The Integument

The gland cells again exhibit cyclical activity associated with new cuticle production, and 357

it has been proposed that they secrete the cement layer of epicuticle.

The cuticle, which is mainly produced by the epidermal cells, usually includes three primary layers, the inner procuticle, middle epicuticle, and outer cuticulin envelope (Locke, 2001) (Figure 11.2). In older accounts of the integument the cuticulin envelope is treated as part of the epicuticle. However, Locke (1998, 2001) has argued that, because of its distinct origin, structure and functions, the cuticulin envelope should be considered separate from the epicuticle. All three primary layers are present over most of the body surface and in the cuticle that lines major invaginations such as the foregut, hindgut, and tracheae. However, the procuticle is very thin or absent, and certain components of the epicuticle may be missing, where flexibility or sensitivity is needed, for example, over sensory structures and the lining of tracheoles. Only the cuticulin envelope is universally present, except for the pores over chemosensilla (Chapter 12, Section 4.1).

The procuticle (= fibrous cuticle) forms the bulk of the cuticle and in most species is differentiated into two zones, endocuticle and exocuticle, which differ markedly in their

FIGURE 11.2. Electron micrographs showing deposition of the three primary layers of cuticle in Calpodes ethlius. [From M. Locke, 2001, The Wigglesworth lecture: Insects for studying fundamental problems in biology, J. Insect Physiol. 47:495-507. With permission from Elsevier.]
FIGURE 11.3. Diagram showing orientation of microfibers in lamellae of endocuticle. [From A.C. Neville and S. Caveney, 1969, Scarabaeid beetle exocuticle as an optical analogue of cholesteric liquid crystals, Biol. Rev. 44: 531-562. By permission of Cambridge University Press, London.]

physical properties but only slightly in their chemical composition. In some cuticles the border between the two is not clear and an intermediate area, the mesocuticle, is visible. Adjacent to the epidermal cells a narrow amorphous layer, the assembly zone, may be seen where chitin microfibers are deposited and oriented.

The endocuticle is composed of lamellae (Figure 11.3). Electron microscopy reveals that each lamella is made up of a mass of microfibers arranged in a succession of planes, all fibers in a plane being parallel to each other. The orientation changes slightly from plane to plane making cuticle like plywood with hundreds of layers. The exocuticle is the region of procuticle adjacent to the epicuticle that is so stabilized that it is not attacked by the molting fluid and is left behind with the exuvium at molting (Locke, 1974). Not only is the exocuticle chemically inert, it is hard and extremely strong. It is, in fact, procuticle that has been "tanned" (Section 3.3). Exocuticle is absent from areas of the integument where flexibility is required, for example, at joints and intersegmental membranes, and along the ecdysial line. In many soft-bodied endopterygote larvae the exocuticle is extremely thin and frequently cannot be distinguished from the epicuticle and cuticulin envelope.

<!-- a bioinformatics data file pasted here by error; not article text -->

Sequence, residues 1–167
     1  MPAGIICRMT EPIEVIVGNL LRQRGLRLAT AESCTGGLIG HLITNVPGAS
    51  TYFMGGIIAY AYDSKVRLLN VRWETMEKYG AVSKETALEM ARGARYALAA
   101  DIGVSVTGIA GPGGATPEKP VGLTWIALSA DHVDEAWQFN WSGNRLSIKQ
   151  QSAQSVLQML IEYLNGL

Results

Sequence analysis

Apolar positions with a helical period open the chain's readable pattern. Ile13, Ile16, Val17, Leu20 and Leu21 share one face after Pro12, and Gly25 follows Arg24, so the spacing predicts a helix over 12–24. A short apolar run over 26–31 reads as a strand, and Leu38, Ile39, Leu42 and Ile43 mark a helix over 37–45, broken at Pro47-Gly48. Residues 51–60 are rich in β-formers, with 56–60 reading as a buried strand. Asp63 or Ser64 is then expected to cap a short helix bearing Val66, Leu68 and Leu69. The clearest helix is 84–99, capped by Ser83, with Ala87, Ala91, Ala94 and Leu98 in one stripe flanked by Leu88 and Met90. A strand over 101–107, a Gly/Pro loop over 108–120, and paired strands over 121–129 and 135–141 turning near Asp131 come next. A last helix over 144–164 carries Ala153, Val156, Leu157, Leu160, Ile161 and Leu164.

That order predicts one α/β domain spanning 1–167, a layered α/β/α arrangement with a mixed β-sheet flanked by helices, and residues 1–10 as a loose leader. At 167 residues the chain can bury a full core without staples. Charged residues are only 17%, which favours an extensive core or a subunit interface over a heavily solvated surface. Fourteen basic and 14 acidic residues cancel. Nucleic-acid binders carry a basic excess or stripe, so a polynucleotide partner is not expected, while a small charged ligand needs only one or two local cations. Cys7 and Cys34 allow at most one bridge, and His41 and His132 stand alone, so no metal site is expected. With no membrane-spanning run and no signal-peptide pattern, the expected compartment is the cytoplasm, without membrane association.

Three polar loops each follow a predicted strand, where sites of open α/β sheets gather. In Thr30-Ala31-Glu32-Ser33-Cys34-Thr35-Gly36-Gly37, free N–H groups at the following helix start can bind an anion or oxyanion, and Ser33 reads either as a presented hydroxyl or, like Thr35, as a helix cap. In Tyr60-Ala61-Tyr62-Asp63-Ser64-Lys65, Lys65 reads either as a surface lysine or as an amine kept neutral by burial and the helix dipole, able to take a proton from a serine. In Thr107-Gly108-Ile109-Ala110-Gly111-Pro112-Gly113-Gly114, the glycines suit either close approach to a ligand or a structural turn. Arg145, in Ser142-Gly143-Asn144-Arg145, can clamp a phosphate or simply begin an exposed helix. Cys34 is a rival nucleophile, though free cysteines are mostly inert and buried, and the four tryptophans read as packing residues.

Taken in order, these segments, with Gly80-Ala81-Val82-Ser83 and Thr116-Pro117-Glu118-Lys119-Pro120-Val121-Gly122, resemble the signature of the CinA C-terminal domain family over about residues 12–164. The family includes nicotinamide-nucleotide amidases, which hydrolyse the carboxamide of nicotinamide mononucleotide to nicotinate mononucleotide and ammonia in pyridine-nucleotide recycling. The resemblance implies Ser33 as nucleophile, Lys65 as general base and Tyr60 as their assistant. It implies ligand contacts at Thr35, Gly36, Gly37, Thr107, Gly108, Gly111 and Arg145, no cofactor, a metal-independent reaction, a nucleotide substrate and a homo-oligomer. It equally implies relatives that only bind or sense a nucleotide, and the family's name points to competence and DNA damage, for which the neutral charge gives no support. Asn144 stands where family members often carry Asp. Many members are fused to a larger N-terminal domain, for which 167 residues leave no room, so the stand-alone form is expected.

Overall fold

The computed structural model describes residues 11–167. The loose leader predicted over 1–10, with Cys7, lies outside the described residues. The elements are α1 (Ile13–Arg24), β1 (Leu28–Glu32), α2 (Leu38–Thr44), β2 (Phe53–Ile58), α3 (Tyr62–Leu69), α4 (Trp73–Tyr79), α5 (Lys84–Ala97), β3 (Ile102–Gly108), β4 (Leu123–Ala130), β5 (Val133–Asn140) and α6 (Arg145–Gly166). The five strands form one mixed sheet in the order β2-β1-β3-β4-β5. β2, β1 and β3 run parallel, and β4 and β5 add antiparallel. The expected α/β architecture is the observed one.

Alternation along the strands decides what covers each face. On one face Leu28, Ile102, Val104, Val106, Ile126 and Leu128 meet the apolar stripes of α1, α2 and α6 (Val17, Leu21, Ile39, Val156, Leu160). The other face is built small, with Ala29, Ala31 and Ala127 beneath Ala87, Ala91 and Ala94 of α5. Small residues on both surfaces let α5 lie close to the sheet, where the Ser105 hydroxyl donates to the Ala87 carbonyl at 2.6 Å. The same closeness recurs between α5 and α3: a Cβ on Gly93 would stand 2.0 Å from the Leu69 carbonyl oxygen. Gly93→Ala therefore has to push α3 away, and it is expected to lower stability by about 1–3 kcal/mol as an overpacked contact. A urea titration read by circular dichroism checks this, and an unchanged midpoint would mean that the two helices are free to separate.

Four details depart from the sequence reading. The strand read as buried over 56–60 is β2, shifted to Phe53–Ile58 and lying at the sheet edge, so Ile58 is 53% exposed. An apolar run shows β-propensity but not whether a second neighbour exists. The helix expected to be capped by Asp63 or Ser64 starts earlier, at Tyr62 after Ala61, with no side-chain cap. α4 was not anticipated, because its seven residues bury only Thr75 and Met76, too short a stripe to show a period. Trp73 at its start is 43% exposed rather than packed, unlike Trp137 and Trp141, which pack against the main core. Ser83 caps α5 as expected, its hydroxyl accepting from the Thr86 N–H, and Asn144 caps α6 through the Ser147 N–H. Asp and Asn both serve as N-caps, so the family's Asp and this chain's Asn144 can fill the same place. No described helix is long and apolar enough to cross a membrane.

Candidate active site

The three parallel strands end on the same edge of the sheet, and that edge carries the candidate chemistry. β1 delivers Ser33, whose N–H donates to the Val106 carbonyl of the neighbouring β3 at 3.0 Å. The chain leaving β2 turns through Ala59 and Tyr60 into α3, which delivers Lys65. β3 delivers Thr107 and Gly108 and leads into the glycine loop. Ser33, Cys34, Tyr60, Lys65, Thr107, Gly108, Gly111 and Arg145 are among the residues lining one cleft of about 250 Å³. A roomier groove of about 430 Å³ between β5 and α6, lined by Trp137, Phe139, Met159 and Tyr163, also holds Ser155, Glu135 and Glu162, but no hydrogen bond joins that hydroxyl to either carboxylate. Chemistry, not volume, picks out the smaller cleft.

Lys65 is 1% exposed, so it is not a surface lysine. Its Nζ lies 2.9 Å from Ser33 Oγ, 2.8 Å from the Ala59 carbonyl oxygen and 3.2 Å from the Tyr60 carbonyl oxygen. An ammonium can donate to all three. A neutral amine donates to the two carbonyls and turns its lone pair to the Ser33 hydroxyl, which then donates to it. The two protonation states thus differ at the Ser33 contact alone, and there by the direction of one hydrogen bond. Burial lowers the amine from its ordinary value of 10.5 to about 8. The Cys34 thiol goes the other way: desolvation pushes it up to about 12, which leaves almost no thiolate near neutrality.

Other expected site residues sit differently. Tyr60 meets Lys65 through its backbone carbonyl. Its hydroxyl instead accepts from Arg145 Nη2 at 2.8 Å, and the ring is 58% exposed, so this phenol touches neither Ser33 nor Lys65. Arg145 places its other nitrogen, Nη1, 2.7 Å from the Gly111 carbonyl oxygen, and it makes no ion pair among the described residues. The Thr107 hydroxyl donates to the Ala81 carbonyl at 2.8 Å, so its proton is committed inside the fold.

Procuticle is composed almost entirely of protein and chitin. The latter is a nitrogenous polysaccharide consisting primarily of N-acetyl-D-glucosamine residues together with a small amount of glucosamine linked in a (31,4 configuration (Figure 11.4). In other words, chitin is very similar to cellulose, another polysaccharide of great structural significance, except that the hydroxyl group of carbon atom 2 of each residue is replaced by an acetamide group. Because of this configuration, extensive hydrogen bonding is possible between adjacent chitin molecules which link together (like cellulose) to form microfibers. Chitin makes n-r-rw n-r-rw

Acety ¬°glucosamine Acetylglucosamine Glucosamine FIGURE 11.4. The chemical structure of chitin.

Acety ¬°glucosamine Acetylglucosamine Glucosamine FIGURE 11.4. The chemical structure of chitin.

Beekeeping for Beginners

Beekeeping for Beginners

The information in this book is useful to anyone wanting to start beekeeping as a hobby or a business. It was written for beginners. Those who have never looked into beekeeping, may not understand the meaning of the terminology used by people in the industry. We have tried to overcome the problem by giving explanations. We want you to be able to use this book as a guide in to beekeeping.

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